With Canada’s Middle East Engagement Strategy expiring this year, it is time to examine and evaluate this massive investment in the Middle East region in the past five years. More importantly, the panel will discuss a principled and strategic roadmap for the future of Canada’s short-term and long-term engagement in the Middle East.
– Ferry de Kerckhove: Canada’s Former Ambassador to Egypt
– Dennis Horak: Canada’s Former Ambassador to Saudi Arabia
– Chris Kilford: Former Canadian Defence Attaché in Turkey, member of the national board of the Canadian International Council (CIC)
– David Dewitt: University Professor Emeritus, York University
While the United States continues to pull back from certain regional conflicts, reflected by the Biden administration’s decision to halt American backing for Saudi Arabia’s intervention in Yemen and the expected withdrawal from Afghanistan, US troops continue to be stationed across the region. Meanwhile, Russia and China have significantly maintained and even expanded their regional activities. On one hand, the Kremlin has maintained its military presence in Syria, and on the other hand, China has signed an unprecedented 25-year strategic agreement with Iran.
As the global power structure continues to shift, it is essential to analyze the future of the US regional presence under the Biden administration, explore the emerging global rivalry with Russia and China, and at last, investigate the implications of such competition for peace and security in the Middle East.
– Dmitri Trenin: Director of Carnegie Moscow Center
– Joost R. Hiltermann: Director of MENA Programme, International Crisis Group
– Roxane Farmanfarmaian: Affiliated Lecturer in International Relations of the Middle East and North Africa, University of Cambridge
– Andrew A. Michta: Dean of the College of International and Security Studies at Marshall Center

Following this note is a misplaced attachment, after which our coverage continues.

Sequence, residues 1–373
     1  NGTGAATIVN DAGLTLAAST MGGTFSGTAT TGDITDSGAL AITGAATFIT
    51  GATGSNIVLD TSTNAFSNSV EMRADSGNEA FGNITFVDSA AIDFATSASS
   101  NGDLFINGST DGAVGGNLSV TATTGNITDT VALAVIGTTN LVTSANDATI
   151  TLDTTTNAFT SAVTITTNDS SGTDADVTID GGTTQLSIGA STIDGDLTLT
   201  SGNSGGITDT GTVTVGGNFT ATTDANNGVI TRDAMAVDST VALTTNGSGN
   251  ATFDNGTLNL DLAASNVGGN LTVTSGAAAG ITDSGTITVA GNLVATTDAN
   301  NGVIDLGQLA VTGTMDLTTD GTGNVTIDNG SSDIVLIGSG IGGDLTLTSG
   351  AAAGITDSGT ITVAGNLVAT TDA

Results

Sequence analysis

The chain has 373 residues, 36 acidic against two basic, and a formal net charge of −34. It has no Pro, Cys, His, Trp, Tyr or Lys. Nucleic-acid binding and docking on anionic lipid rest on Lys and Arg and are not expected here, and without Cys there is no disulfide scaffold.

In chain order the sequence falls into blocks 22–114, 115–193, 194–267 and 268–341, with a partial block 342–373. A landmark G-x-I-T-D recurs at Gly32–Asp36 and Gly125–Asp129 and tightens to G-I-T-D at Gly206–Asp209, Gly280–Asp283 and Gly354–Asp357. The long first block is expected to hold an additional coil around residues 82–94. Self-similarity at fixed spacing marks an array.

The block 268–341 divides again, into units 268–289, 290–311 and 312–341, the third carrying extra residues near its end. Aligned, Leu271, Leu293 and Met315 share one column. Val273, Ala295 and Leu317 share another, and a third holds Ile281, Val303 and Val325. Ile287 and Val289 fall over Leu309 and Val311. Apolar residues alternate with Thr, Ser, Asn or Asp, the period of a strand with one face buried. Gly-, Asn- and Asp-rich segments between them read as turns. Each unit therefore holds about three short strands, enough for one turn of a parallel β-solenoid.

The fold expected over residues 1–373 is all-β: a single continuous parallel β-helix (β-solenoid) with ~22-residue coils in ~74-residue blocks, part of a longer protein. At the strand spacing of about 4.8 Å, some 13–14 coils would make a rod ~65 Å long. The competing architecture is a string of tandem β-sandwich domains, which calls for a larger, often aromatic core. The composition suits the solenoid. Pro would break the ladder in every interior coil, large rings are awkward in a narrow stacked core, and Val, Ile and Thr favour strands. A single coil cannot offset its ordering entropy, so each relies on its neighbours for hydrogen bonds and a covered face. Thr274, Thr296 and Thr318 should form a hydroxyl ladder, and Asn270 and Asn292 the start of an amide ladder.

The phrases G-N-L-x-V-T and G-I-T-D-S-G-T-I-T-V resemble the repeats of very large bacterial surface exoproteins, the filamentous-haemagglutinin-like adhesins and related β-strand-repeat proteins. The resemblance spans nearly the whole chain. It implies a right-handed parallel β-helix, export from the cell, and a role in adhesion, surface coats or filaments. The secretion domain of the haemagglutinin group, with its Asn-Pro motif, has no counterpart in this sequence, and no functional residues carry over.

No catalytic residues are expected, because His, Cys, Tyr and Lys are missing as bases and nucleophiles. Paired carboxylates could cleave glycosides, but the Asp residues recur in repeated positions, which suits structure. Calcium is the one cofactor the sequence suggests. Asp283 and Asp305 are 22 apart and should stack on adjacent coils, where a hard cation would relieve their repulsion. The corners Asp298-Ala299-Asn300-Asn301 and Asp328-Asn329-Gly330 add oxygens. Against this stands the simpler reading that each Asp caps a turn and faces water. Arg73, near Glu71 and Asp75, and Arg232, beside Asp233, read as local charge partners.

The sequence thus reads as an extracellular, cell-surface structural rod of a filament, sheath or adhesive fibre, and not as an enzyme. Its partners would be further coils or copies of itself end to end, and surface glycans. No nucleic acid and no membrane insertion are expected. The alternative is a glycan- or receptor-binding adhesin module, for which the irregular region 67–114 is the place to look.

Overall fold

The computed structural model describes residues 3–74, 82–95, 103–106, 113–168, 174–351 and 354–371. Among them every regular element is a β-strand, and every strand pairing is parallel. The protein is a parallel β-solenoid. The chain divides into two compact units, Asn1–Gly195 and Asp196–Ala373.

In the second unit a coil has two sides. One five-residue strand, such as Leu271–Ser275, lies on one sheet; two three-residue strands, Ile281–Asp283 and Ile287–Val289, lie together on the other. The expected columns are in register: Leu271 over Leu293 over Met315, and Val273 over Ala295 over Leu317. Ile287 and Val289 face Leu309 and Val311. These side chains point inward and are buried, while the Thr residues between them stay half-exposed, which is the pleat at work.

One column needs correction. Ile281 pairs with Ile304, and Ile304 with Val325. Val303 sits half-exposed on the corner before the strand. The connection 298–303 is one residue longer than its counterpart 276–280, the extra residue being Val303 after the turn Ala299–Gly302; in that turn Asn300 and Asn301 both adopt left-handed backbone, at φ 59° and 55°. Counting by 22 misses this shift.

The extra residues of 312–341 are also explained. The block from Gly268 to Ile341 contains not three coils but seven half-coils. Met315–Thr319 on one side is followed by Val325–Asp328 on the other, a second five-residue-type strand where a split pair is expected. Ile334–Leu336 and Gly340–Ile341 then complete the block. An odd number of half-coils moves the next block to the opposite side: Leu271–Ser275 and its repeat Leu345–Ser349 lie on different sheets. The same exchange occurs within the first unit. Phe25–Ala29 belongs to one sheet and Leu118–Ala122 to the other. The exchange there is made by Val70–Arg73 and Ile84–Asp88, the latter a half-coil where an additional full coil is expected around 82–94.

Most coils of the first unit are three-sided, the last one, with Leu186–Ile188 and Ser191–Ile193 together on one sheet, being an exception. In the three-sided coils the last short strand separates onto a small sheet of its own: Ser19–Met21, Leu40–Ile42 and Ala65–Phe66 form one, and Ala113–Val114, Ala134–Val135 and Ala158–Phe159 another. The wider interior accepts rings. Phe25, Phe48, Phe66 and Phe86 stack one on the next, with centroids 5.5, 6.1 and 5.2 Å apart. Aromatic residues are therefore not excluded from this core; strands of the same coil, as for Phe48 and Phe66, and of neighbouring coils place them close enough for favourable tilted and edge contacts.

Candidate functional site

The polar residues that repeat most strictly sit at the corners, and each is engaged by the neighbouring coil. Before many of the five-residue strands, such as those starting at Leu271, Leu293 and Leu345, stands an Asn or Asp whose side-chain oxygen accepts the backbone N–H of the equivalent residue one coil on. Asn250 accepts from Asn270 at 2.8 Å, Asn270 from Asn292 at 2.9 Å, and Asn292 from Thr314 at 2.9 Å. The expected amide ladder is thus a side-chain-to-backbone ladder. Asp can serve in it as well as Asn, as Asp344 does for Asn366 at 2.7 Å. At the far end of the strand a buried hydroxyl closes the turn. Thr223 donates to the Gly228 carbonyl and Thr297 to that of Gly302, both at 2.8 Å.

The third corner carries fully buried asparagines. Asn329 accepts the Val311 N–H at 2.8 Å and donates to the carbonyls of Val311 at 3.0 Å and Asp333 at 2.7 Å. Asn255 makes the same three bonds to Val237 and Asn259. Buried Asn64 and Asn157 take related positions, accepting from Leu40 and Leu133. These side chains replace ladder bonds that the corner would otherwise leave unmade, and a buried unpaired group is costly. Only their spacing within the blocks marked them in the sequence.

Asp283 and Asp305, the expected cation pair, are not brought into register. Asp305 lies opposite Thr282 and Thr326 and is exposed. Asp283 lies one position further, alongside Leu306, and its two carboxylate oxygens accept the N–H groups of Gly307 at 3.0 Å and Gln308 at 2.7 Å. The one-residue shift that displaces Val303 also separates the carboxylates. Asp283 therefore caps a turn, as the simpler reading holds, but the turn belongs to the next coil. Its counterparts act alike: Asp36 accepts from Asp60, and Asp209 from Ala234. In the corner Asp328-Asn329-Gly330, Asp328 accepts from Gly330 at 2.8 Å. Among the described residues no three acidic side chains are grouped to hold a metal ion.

– Kelley Vlahos: Senior Advisor, Quincy Institute
The security architecture of the Middle East has undergone rapid transformations in an exceptionally short period. Notable developments include the United States gradual withdrawal from the region, rapprochement between Israel and some GCC states through the Abraham Accords and the rise of Chinese and Russian regional engagement.
With these new trends in the Middle East, it is timely to investigate the security implications of the Biden administration’s Middle East policy. In this respect, we will discuss the Biden team’s new approach vis-à-vis Iran, Yemen, Saudi Arabia, and Israel. The panel will also discuss the role of other major powers, including China and Russia in shaping this new security environment in the region, and how the Biden administration will respond to these powers’ increasing regional presence.
– Sanam Vakil: Deputy Director of MENA Programme at Chatham House
– Denise Natali: Acting Director, Institute for National Strategic Studies & Director of the Center for Strategic Research, National Defense University
– Hassan Ahmadian: Professor of the Middle East and North Africa Studies, University of Tehran
– Abdulaziz Sagar: Chairman, Gulf Research Center
– Andrew Parasiliti: President, Al-Monitor